The Metro school board reaffirmed its decision not to sue over millions in education funds state officials withheld from the district earlier this fall.
The only person on the nine-member board voting in favor of pursuing litigation over the $3.4 million in withheld basic education funds was Amy Frogge, arguing against fears that the lawsuit would be costly and exhaustive for members.
“I’m all for compromise, too, but I feel our backs are against the wall because this is our last chance to have this discussion,” said Frogge, who brought the motion to the board at Tuesday night’s monthly meeting during a discussion about how to make up for the held back funds.
Chairwoman Cheryl Mayes, who cast the tie-breaking vote to ultimately block Great Hearts Academies charter application in August, said taking the issue to court wouldn’t be worth the time or money.
“There’s very little value, in my opinion, of suing,” Mayes said. “For me, to be perfectly honest with you, I don’t think litigation is the smart thing to do. I think the $3.4 million could very easily turn into $6 [million] or $7 million in some expense if it’s allowed to continue.”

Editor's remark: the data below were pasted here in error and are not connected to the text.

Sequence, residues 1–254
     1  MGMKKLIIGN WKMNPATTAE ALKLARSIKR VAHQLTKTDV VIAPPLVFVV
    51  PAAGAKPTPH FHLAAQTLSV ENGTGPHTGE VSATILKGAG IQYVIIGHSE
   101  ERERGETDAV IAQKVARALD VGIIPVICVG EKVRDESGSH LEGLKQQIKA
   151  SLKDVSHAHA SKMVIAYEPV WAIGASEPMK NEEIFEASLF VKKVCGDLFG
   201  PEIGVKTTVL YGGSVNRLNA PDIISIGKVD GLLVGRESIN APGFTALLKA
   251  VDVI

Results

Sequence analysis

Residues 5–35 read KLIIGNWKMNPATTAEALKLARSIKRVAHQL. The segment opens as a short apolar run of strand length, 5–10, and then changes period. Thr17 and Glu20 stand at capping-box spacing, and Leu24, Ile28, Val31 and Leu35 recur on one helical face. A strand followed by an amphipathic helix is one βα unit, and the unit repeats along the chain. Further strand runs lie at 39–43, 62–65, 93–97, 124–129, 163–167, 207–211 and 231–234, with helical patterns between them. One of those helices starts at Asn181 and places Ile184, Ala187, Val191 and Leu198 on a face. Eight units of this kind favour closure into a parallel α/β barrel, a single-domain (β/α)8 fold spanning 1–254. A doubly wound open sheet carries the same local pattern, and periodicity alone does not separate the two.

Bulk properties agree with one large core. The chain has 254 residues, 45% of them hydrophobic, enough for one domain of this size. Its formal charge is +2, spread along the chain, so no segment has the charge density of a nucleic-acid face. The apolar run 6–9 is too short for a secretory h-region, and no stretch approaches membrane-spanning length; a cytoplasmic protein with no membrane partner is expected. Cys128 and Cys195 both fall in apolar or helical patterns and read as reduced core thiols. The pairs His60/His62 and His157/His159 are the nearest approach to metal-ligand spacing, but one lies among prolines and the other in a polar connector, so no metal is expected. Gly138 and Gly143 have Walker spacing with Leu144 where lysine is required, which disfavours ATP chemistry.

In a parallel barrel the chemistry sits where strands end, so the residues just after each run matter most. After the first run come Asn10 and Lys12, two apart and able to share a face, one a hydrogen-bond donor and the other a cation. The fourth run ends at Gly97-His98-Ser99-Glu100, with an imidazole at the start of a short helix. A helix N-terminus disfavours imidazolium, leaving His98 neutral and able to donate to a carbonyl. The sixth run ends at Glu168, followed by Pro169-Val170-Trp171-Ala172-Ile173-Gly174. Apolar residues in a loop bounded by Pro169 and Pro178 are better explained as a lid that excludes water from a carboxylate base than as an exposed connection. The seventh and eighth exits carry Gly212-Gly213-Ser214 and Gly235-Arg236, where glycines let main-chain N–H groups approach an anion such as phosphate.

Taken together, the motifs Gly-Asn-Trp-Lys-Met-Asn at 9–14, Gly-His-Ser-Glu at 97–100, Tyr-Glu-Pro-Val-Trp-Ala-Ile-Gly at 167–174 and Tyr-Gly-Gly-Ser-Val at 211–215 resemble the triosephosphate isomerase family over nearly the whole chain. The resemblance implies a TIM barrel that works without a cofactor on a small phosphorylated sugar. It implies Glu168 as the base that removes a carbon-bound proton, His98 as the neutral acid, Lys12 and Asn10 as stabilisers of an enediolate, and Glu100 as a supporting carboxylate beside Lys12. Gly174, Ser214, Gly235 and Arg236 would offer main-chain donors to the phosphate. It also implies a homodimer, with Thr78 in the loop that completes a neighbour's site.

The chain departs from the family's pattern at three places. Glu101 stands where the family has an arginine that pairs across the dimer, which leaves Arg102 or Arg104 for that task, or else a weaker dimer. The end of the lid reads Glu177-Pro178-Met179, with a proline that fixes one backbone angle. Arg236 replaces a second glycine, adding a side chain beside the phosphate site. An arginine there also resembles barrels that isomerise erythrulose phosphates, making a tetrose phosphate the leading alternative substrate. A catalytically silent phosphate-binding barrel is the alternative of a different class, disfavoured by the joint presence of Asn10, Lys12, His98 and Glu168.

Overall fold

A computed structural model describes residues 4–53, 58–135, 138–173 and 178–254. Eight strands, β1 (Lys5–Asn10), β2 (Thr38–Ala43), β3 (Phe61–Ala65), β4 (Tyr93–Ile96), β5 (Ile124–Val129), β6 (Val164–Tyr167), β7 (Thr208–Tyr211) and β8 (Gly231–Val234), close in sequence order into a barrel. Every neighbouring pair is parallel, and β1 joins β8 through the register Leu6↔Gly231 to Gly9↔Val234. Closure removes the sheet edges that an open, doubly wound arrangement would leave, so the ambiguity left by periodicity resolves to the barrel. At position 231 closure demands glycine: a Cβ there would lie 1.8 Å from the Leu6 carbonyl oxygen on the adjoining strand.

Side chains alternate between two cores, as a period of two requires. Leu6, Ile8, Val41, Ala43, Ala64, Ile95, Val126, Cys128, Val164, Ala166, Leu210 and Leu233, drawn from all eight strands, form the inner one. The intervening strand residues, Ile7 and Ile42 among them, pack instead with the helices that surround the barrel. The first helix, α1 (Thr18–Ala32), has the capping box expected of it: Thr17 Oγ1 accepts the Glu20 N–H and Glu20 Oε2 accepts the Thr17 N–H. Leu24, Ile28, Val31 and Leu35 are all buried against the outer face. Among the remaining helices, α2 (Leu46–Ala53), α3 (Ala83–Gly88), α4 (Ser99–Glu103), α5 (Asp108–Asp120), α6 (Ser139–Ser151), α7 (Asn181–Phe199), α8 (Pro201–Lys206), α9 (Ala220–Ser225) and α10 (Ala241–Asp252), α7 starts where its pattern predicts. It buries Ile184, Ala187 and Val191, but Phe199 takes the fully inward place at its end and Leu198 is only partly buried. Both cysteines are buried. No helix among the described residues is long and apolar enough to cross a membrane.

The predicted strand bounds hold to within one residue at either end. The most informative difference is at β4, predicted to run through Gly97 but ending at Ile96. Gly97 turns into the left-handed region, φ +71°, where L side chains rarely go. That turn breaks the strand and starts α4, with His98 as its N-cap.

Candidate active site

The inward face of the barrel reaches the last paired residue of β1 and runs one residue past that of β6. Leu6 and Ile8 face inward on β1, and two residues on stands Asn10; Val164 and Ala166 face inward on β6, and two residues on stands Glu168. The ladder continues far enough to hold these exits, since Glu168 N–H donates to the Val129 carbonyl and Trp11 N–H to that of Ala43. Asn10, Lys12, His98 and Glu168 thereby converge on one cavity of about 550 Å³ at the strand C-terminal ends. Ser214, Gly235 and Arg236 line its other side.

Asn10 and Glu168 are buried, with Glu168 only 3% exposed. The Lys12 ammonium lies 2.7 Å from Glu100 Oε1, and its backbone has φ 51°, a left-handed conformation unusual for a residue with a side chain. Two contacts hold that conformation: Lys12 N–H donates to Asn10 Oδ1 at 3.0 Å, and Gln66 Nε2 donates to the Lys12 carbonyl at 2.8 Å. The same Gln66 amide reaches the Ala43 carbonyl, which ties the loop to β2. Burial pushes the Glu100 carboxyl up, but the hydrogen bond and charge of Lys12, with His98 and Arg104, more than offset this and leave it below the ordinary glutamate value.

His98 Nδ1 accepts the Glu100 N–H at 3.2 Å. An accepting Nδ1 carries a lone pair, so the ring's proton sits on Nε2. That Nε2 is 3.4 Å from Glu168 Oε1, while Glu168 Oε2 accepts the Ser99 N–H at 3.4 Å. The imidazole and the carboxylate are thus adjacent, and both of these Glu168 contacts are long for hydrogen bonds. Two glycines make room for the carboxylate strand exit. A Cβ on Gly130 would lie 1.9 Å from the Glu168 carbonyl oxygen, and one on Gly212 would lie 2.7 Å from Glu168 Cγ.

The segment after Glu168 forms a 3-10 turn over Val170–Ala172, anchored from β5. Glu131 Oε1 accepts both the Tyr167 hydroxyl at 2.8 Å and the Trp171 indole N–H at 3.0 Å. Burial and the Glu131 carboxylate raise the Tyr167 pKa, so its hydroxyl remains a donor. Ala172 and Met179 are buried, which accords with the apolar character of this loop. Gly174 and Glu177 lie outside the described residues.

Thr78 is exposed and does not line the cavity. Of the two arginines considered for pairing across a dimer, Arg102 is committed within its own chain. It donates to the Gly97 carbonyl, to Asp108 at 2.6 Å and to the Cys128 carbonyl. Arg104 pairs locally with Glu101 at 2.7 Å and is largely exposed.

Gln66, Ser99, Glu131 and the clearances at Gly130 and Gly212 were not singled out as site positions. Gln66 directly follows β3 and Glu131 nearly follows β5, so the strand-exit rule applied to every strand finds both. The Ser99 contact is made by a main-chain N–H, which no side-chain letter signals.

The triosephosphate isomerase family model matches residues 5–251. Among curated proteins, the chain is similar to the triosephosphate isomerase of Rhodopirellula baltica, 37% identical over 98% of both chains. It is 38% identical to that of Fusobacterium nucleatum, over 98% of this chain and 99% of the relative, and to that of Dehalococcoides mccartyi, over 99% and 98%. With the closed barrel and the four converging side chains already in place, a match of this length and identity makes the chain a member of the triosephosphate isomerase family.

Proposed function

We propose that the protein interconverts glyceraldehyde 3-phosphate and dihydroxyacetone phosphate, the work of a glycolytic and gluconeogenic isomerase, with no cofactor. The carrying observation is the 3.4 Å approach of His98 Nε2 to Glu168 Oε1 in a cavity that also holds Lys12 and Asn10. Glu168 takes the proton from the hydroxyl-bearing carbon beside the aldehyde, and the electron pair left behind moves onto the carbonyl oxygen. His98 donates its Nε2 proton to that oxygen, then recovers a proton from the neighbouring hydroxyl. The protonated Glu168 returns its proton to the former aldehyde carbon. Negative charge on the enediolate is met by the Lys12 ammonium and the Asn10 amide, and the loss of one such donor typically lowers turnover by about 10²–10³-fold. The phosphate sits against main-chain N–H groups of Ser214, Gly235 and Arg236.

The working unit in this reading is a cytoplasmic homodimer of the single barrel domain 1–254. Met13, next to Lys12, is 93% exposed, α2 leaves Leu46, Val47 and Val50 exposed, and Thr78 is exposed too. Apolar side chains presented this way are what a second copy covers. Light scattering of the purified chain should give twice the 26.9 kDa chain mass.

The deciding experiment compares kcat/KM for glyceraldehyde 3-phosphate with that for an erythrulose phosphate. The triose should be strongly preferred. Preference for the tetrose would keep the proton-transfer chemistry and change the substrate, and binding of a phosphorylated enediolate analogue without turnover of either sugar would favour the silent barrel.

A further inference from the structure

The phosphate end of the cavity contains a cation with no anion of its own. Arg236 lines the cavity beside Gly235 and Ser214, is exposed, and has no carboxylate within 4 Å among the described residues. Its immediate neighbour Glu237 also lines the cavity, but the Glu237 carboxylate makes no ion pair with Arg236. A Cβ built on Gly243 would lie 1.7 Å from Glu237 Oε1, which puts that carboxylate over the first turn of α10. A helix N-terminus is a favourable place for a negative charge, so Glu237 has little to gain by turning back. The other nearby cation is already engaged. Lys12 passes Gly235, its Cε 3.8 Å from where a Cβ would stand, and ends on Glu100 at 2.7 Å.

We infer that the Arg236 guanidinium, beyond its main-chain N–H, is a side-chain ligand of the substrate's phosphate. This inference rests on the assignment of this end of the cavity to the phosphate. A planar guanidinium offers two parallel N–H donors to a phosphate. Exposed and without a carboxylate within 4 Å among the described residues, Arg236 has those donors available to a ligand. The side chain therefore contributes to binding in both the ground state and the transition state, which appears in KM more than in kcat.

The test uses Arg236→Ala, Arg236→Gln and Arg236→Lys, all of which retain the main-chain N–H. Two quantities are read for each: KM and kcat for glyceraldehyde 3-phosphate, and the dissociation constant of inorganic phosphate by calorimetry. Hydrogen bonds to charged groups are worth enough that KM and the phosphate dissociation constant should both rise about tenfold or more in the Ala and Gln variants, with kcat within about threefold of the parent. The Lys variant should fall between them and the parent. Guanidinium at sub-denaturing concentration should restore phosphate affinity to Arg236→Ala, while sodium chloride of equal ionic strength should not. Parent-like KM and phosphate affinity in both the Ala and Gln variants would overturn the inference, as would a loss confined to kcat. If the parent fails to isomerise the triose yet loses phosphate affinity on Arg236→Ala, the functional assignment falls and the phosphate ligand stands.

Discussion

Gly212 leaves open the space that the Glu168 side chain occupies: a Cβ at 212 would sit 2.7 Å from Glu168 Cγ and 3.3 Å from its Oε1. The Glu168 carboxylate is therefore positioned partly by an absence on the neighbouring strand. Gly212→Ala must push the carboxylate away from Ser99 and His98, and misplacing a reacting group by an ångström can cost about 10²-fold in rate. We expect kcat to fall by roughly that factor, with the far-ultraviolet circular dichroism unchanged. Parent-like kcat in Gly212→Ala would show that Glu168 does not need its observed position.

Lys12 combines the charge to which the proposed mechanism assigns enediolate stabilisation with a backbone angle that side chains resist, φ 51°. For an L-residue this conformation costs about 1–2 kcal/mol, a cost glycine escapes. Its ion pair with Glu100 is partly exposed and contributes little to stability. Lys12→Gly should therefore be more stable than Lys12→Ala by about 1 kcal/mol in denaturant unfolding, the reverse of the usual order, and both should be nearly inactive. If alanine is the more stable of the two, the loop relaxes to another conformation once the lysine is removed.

The board has yet to decide how to make up for those lost dollars if the state refuses to release them to the district. Options include across the board staffing cuts and tapping into the district’s rainy day fund, although MNPS Chief Financial Officer Chris Henson recommended the members wait until spring to determine whether property tax revenues help make up some of the withheld dollars.
Last year, the district had $55 million in reserves at the end of the school year, more than 7 percent of the system’s operating budget. By law, the district needs to have more than 3 percent left at the end of the year, although Metro government’s policy is to stay above 5 percent, said Henson.
Education Commissioner Kevin Huffman and Gov. Bill Haslam opted to withhold a portion of the system’s October BEP dollars after the school board voted repeatedly to reject the Great Hearts charter on the basis it hadn’t soothed diversity concerns for the school that would sit in affluent West Nashville, despite orders from the State Board of Education to approve the charter.
This week, East Nashville state Rep. Mike Stewart joined in on the fight and urged Huffman to release the money to the district because the charter school operator has officially withdrawn its request, which he said “appears to render moot” the state’s decision to fine the system.
Great Hearts officials have said they will only reapply to open a charter school in Nashville after the state has assigned an alternative body outside the local school district to handle applications. Lawmakers on Capitol Hill expect to take up that issue when the General Assembly convenes in January.